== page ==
5. Keep communication going and make progress visible in real-time
Keeping clients in the loop is beneficial for both you as well as them. Providing a steady flow of progress reports will keep their minds at ease and allow you to focus on ongoing campaigns without any mishaps.
Of late, many project management tools have appeared on the market, but only a select few have provide the possibility of real-time client collaboration. To find the one that will work for your next social media marketing campaign, conduct a comparison of project management tools. And include your employers in the process, because it will help you establish timely and fruitful communication which, in return, will provide you with useful feedback.
Some tools you can consider for project management are – Trello and Asana.
It’s also important to report social media engagement metrics to your clients. One easy way of doing this is by providing clients access to the social media management tool that you are using.
DrumUp provides engagement metrics, but you could also try any of the social media analytics focused tools on this list.
6. Be responsive
When dealing with client feedback, keep calm – review the feedback meticulously, weigh its pros and cons, and respond accordingly. No matter how frustrating your employer’s attitude is, try to keep your emotions out of it. In most cases, rash, emotion-fueled reactions don’t do any good and can result in relationship breakdown. Remember that most clients will be happier with a slow but strategic and action oriented approach, rather than a quick but scrappy solution.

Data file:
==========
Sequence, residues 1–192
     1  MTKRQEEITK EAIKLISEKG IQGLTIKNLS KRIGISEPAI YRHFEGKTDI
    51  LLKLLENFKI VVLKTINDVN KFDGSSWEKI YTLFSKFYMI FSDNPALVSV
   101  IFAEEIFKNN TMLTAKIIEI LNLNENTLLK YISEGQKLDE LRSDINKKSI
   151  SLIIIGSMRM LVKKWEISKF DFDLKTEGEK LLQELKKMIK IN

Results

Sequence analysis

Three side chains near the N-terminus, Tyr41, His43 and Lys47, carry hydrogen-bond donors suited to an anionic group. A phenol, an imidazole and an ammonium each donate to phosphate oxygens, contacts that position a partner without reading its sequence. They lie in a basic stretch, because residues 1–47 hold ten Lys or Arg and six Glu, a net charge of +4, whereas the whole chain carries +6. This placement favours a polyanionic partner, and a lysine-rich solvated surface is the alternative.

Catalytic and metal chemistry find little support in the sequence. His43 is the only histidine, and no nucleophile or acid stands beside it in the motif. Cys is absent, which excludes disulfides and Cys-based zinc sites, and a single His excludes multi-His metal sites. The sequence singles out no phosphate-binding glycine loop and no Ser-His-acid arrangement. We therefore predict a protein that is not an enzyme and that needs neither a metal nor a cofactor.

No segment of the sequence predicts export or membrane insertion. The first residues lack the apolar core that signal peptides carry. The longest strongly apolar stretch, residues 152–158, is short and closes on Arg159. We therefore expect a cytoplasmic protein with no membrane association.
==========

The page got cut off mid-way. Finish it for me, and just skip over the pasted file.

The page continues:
7. Exclude troublemakers before you even begin
Imagine your first meeting with a potential client has started and you’ve done everything in your power to make yourself presentable. However, it is not only about him liking you – you have to think about his profile as well.
Make note of his questions and requests. Stay weary about clients who use phrases like “Create a new Facebook account, but keep it cheap!”, “I think you will be able to accomplish this by morning”, “I don’t have time to think about this right now”, or “Make some things happen and we will see how it goes”.
These phrases are clear red flags that the person you are talking to will be more work than you bargained for. Your fear of unrealistic requests, overdue and nonspecific feedback and constant badgering over borderline nonsense is, in this case, well justified. It is best to cut ties and refuse cooperation with such clients because if you accept, your loss will be much greater than the gain.
8. It is ok to let go
Sometimes, it is ok to just give up. Certain clients will become more trouble than they are worth, no matter the time and effort you invest in them. They will require you to dedicate all your work hours to one project, leaving you unable to focus your attention on other important clients. The solution to this problem is very straightforward: set your boundaries and be explicit about it. If clients are unable or unwilling to understand your position or point of view, it is time to end that unconstructive relationship.
Feature image via Pexels.com